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Large-Format Sheetfed Presses -- Bigger Gets Better

November 2005
By Erik Cagle

Senior Editor

It wasn't long ago that large and extra-large format sheetfed offset presses were considered primary tools for the package printing market.

In Europe, notes Ken Kodama, vice president of sheetfed sales for Mitsubishi Lithographic Presses (MLP U.S.A.), these oversized machines were not used just by folding carton producers, but also by publication and commercial printers. But the productivity of the super-sized press and its ease of use is winning over favor among U.S. printers in the commercial sector.

"The manning for a large-format is similar to a 40˝ press, so the makereadies are very similar," Kodama says.

"For example, with perfecting, in order to get a 16-page format, you're perfecting on both sides. On a 56˝ press, you can do it on one side, although you still have to work and turn the sheet. On a large format, you are not limited by the pagination of the sheet because perfecting requires gutters for the slow down wheels on the back side and ceramic-type jackets on the impression cylinders, which will affect print quality. So there are some advantages to the large format."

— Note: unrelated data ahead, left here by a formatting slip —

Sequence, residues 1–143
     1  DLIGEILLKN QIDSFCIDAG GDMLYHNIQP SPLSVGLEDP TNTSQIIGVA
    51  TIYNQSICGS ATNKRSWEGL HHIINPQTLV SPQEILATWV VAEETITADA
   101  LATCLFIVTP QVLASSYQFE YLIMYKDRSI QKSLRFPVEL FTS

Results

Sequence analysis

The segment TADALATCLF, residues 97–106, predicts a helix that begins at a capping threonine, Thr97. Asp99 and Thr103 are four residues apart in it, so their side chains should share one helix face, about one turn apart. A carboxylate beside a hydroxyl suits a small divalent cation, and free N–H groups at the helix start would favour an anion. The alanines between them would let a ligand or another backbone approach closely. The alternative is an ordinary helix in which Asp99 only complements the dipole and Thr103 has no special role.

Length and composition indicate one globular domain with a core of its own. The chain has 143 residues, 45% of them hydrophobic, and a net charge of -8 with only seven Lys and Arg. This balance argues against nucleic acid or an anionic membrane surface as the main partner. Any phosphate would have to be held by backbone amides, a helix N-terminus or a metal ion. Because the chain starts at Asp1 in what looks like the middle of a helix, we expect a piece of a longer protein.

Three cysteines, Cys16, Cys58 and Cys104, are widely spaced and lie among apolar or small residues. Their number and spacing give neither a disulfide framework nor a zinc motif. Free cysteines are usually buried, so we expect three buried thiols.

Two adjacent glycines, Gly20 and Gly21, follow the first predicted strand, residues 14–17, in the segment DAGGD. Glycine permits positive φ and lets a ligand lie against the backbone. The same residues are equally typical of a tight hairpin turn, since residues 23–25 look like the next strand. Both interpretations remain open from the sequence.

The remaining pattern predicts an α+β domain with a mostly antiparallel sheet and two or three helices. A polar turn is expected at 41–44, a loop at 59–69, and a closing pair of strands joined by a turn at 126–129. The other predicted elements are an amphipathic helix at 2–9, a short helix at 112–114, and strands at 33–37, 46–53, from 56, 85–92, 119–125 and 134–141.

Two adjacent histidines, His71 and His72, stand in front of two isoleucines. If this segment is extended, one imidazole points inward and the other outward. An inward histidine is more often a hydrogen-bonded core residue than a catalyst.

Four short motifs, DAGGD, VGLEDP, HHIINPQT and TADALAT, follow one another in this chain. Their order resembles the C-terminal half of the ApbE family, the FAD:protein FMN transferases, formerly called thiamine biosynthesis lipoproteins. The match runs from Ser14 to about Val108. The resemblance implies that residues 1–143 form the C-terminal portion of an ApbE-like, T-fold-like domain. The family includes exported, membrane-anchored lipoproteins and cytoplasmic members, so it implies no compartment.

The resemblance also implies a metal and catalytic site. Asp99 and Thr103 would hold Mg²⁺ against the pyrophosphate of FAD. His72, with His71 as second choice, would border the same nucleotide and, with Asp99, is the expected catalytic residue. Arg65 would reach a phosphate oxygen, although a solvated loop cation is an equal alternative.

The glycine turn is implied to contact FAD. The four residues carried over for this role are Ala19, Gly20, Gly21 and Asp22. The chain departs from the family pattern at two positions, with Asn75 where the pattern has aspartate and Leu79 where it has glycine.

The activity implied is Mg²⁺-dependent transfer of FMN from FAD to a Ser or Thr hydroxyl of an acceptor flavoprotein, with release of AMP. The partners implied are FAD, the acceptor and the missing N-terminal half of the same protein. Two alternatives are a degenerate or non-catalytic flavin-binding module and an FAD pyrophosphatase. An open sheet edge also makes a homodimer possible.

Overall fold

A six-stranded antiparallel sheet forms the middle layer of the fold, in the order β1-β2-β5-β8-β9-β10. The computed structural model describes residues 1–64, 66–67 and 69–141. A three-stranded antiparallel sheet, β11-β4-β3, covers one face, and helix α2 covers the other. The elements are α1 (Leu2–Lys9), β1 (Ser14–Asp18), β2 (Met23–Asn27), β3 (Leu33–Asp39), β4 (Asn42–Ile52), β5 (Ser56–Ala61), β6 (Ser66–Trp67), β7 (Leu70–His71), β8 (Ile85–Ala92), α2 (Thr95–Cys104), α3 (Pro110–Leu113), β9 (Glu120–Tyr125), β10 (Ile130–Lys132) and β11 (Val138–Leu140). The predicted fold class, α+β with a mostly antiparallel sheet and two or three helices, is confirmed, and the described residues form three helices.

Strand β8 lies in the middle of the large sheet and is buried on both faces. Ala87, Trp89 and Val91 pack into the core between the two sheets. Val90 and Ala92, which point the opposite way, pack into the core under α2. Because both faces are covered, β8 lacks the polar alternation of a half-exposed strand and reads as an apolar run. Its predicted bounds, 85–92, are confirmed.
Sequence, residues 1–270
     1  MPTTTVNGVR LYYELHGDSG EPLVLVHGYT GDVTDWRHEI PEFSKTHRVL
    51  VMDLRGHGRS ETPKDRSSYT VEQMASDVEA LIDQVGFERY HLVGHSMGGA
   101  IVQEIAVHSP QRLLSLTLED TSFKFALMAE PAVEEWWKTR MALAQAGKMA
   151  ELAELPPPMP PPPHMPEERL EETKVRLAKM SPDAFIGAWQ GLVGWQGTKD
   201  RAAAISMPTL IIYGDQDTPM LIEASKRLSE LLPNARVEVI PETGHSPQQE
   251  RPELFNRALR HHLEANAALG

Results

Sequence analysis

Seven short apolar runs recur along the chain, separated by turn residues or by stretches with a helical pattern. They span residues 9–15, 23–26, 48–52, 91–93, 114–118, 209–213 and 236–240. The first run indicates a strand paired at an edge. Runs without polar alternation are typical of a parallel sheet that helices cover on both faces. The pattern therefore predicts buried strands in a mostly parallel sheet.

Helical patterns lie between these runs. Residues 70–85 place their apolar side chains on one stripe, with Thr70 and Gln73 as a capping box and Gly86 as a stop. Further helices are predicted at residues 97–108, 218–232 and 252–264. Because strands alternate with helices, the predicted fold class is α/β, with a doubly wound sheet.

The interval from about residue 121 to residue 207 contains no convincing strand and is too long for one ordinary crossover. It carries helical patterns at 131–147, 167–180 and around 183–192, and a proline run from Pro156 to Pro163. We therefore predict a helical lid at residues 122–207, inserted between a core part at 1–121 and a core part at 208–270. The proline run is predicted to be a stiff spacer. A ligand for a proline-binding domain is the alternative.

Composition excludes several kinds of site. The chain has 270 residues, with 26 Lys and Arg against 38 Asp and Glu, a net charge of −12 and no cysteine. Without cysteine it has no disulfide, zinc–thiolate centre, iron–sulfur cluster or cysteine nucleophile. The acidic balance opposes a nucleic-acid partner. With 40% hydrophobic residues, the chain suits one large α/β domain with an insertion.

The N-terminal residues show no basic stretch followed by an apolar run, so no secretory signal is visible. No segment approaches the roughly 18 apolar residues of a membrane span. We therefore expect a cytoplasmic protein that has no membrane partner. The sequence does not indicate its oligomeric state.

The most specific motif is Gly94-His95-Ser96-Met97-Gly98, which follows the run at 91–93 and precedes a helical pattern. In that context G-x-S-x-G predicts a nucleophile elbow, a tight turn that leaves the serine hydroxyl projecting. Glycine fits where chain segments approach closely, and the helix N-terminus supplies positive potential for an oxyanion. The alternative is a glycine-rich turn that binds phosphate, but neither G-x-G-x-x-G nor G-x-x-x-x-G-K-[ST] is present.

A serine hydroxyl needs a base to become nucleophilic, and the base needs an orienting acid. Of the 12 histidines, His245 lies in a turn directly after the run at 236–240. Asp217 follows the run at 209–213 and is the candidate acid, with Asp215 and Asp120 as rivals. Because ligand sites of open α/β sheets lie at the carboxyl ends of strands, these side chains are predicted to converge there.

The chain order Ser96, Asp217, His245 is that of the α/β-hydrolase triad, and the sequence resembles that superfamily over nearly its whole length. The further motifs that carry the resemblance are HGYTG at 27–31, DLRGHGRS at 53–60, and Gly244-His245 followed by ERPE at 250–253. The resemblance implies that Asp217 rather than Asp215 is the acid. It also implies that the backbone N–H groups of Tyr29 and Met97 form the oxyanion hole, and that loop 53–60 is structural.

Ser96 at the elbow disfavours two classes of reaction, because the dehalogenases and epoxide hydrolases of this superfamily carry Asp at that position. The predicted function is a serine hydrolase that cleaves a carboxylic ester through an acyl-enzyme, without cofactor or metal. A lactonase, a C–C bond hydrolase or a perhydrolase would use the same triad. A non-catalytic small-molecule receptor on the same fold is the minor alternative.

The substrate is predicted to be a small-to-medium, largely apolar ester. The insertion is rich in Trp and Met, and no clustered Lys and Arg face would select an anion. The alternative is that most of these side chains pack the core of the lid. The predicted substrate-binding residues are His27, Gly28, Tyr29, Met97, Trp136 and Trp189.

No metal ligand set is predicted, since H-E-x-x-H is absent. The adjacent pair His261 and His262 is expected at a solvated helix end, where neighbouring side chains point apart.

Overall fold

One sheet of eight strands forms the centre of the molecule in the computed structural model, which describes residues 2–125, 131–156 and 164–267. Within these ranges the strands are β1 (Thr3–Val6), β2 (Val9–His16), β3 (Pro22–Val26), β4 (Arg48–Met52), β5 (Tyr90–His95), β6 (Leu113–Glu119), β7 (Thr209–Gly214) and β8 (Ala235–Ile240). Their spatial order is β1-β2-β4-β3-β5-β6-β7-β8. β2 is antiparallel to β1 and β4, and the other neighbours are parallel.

Changing Roles

The role of the perfecting press has made a dramatic impact in recent years, according to Kodama, primarily because the technology has improved. "I think the technology has gotten good enough that it's easier for customers to use. However, even now, the perfecting unit is an item that will require proper maintenance, which the large format will not require, and perfecting jobs require some extra thought for workflow that is not required for straight printing.

"Considering the ongoing pressure on margins for printers, any time you can accomplish something in one pass is money saved for them."

Mitsubishi enjoyed a strong PRINT 05 & CONVERTING 05 show in September, promoting the Diamond 5000 (51˝) and 6000 (56˝) models in the large-format realm. Tandem Perfector presses aren't available for the large format yet, but Mitsubishi is considering producing them in the future.

Gaining efficiencies, particularly through the power of perfecting, were among the hot topics during PRINT 05 in Chicago. No one needed to tell KBA North America that large-format printing is the rage in sheetfed circles; its sales for the past year exploded by 42 percent, primarily due to its successful efforts in large-format press sales. The company has sold in excess of 700 large-format presses worldwide since 1995, notes Michael Iburg, product specialist for KBA.

Taking Control

One thing that has allowed KBA to differentiate itself, according to Iburg, is its modern control console technology. Advantages include: optional integration into a digital workflow; comprehensive automation of functions such as plate and pile changing or non-stop pile logistics; online densitometry and spectrophotometry quality control; and automatic presetting for press components and auxiliary systems.


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